Home Finance Maryland Online Casino Bill passes the house

Maryland Online Casino Bill passes the house

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After announcing a “highly regulated industry,” and pushing HB 1319 amended, Maryland Representative Vanessa Atterbeary’s bill moved out of the House and headed to the senate 16 March.

On a Saturday, two days before the crossover date, the House voted to approve a bill which would allow the November election to decide whether or not icasino should be legalised.

Now, the senate has less than one month to approve this bill. General assembly will adjourn 8 April. According to Associated Press, on 15 March the house leadership unveiled a budget of $1.3bn ($1.2bn/PS1.2bn/EUR1.3bn), which relied upon tax revenues from legal online gambling to finance future transportation and education costs.

Maryland has been the focus of attention for all in the online casino industry. Maryland is considered by many to be the most likely state in the country to pass an online gambling bill during this year. Maine is the only state that has not yet legalised online casinos. Several states, including Illinois and New York, were expected to legalize marijuana at the beginning of the Legislative Season.

In the past and this year, it has been difficult for lawmakers and stakeholders to pass similar bills. The reasons for this range from a lack of understanding about what online gaming is, to regional players believing they will not benefit.

Maryland’s bill for an online casino underwent a number of changes as it made its way to the House. Some of the industry’s changes will be seen as negatives by the industry, which will lead it to lobby against them as the bill moves through the Senate.

Three levels of online casino licensing are available

Atterbeary added an amendment to HB 1319 on 16 March by the time it reached third reading. This would have increased the number of licenses available. This amendment banned credit card funding of accounts, and also added guidelines on diversity equity and inclusion.

This bill sets a minimum of 55% tax on all electronic games. The tax rates vary between 18%-57% in seven states. Taxes on live dealer games will be 20%.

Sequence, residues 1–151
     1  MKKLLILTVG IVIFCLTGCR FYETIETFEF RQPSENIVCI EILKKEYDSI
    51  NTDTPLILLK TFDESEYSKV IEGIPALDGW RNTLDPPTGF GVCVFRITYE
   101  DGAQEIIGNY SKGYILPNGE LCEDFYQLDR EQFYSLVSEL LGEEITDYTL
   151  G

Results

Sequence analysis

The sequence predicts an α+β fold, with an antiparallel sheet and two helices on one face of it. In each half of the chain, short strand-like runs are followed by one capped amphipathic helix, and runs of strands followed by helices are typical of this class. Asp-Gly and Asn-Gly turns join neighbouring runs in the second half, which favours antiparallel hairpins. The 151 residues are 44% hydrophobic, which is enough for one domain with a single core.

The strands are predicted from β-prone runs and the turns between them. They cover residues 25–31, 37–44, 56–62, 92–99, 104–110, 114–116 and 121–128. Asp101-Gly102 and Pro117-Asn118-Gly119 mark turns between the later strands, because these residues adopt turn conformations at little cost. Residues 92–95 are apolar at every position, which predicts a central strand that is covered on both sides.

The initial fee would be $1m for a licence valid for five years. Renewals will equal 1% of the average profit over the previous three year period. The tax revenue will be used to fund the Blueprint for Maryland’s Future. It would include sending money to the counties which host casinos and horse racing tracks, as well as small businesses, women and minorities.

The tax collected will go towards problem gambling and responsible gaming programmes.

Bill establishes three licensing levels and the “social equity partners”, who play an important role, are a part of this structure. The social equity partners consist of individuals or groups who have resided in “economically depressed areas” at least 5 years out of 10 for the past decade.

These people must also have either attended public schools in economically depressed areas for at least 5 years, and have also completed at least 2 years of a 4-year Maryland College where at least 40% of the students are eligible for Pell Grants. Or, they must also have personal net worth that is below the standard set by the Lottery Commission, the regulator.

Who can apply for a license?

According to the law, six casinos in the state can be granted online gambling licenses. However, they have to be owned by social equity partners at least 5 percent (directly and indirectly). If a casino is at least one third owned by social equity partners, it can be granted a second licence and, in some cases, even a third.

The four OTBs, two bingo halls and the online sports betting license holders are all eligible for seven “Class B” licences. The Black-owned media firm Urban One is also included.

Finaly, a process of competitive bidding will be used to award at least five or up to eighteen stand-alone licences for digital gambling. First round bidding will be for applicants who are socially responsible.

In 2020, when lawmakers approved online sports betting, the US regulators implemented some of the strictest guidelines for minority participation. The regulatory process was slowed down. It took two years for the lottery to establish rules, and operators to comply with standards. Maryland was one of the US states that took longest to go from being legal to being live on-line.

Arkansas and Puerto Rico were the only two that took more time. The average regulator takes about six months for a market to be online.

Five additional amendments to the bill were proposed on 16 March. Only one was accepted, and it dealt with unionisation and live dealers. The failed amendments included:

  • Consumers must fund their accounts in person
  • Two-factor authentication is required every time the player logs in to an account
  • Individual bets are limited to $5, and the maximum wagering for a 24-hour period is $100.

Some people are still opposed to the bill. WJZ News reported that last week, Republican legislators and casino-worker unions gathered in opposition to the bill due to fears of job loss.

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